Safety is not about “how you feel” or whether you’ve been somewhere and survived. Most people survive. Very few people out of every 100,000 have problems even in dangerous countries, so just because 25 people report no problems on a site, does not mean it’s as safe as another country. And “feeling safe” has nothing to do with reality…I felt perfectly safe before my whole hotel in Palau sipaden got taken hostage for months. And the “favorite statistic” above is completely irrelevant. Because it is comparing the murder rate per 100,000 that live most of the 365 days in the US to tourists that are visiting Mexico for a matter of days. If the average tourist spent only a week in Mexico then that rate would be equivalent to around 107 per 100,000 murder rate for tourists. But I’m not saying it’s that high, many stay longer and most don’t spend the other 51 weeks in the US….but the point is that it is artificially low and inaccurate. I know that many will get mad at me for writing this, but I think somebody has to make others aware of the misleading statistic so they can make a more informed decision…if you really want to hedge your bets the best, then look at the correct statistics. BUT that said, the numbers per 100,000 are so small in both countries that essentially it’s almost just as safe to be either place. Compare the number not being killed per year…so many survive that the tiny ‘out of 100k’ differences are too small to really live your life around. Think in percentages: it’s way less than 1%, it’s more like 5/1000th of a percent that get killed. If instead of the .005%-.040 were murdered, it was 20% of the people were killed, well now you have some scary numbers that have a much bigger possibility of really affecting you. But if you are that one unlucky one that could’ve been in the 5 out of 100k, vs the 40 out of 100k, well then maybe these tiny differences make a difference. So one has to decide if they want to playing the betting game or believe in fate, but make that decision based on reality, not on ignorant peoples rant to believe that the US is just as dangerous overall just because they “feel safe”, they survived, and they don’t understand numbers. Sorry, had to get the word out.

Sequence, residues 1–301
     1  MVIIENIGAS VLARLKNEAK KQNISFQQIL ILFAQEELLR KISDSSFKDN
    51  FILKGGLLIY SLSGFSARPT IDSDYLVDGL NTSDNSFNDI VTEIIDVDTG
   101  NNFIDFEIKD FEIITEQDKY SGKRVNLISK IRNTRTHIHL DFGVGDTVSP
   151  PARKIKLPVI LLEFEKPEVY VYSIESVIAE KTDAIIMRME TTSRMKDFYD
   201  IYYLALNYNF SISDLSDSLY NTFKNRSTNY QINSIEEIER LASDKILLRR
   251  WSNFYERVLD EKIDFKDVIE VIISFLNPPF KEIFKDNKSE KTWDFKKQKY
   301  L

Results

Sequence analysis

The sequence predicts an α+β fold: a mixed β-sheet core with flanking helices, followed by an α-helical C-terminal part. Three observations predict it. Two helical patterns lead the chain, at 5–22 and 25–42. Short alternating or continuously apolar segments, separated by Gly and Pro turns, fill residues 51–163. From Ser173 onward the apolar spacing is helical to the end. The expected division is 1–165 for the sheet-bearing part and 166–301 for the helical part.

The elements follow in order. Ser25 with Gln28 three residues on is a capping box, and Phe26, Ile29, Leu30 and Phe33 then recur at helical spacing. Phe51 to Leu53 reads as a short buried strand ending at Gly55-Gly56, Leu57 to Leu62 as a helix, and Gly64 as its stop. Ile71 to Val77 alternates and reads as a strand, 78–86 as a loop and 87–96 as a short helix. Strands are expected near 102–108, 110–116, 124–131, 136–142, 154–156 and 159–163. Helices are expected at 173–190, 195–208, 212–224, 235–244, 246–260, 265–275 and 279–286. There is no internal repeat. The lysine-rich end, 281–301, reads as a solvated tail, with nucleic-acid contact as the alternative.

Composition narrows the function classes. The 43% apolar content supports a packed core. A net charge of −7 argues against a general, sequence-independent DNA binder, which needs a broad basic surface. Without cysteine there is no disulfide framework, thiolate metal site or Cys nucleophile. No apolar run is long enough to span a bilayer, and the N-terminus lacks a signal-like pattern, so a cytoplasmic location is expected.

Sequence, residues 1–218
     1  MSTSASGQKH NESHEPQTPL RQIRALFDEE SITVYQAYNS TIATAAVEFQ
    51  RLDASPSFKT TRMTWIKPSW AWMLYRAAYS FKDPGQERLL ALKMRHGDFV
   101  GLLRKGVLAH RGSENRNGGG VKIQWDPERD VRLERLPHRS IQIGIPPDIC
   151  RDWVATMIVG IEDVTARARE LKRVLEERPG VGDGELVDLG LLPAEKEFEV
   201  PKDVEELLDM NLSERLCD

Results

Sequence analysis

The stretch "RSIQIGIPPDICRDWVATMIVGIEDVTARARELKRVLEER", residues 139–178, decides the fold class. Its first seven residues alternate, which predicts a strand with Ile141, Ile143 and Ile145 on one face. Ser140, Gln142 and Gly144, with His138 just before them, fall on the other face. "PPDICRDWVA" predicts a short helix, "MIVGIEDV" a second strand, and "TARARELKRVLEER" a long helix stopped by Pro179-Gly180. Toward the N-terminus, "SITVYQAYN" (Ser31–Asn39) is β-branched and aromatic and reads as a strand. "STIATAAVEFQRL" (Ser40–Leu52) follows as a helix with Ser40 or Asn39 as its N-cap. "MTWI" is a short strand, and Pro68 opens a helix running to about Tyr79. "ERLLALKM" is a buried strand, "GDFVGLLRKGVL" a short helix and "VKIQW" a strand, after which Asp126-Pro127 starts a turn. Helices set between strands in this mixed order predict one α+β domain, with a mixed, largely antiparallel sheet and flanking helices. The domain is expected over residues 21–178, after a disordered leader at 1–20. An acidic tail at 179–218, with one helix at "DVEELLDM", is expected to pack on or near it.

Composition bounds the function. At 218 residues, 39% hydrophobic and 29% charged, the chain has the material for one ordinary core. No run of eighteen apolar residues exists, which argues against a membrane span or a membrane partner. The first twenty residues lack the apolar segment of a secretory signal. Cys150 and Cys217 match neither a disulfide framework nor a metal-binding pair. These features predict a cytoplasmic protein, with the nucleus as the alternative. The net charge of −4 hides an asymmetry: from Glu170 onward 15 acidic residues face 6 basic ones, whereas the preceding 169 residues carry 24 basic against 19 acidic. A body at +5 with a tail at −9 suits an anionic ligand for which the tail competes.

2. I’m headed off for a backpacking adventure through Latin America in just under a month. My friends and family are so excited for me and can’t wait to hear all about Guatemala, Panama, Colombia, Bolivia, Brazil, etc. Then they ask, “Where to first?” and when I tell them “Mexico!” they all look really worried. No one has raised an eyebrow about me wanting to go to Colombia, Venezuela, Panama or Ecuador, all countries that have “Do Not Travel” warnings issued by the Australian government applying to some areas. But when it comes to Mexico (which does not have a Do Not Travel warning at all), everyone gets really concerned for my safety.

    I think partly it’s that there was a very well-publicised disappearance of two Aussie surfers a few months ago. But no one seems to accept that traveling as two guys in a van and camping by the side of the road in the middle of no where looking for deserted beaches with great waves is really different from sticking to established tourist routes and staying at reputable hostels. It’s weird. Even when I explain to people that other parts of my itinerary have much higher crime rates, they still say, be very careful in Mexico. Well, I’ll just have to prove them wrong. 🙂 I will, obviously, be very careful. But I’m not going to let the need to take standard precautions against theft and accident stop me from exploring.

  3. I have a friend whose son wants to travel to meet someone he met online in Mihoacan. We all think he is crazy. It sounds like a big scam but we can’t get him to see reason. I hope this post helps.

    Thanks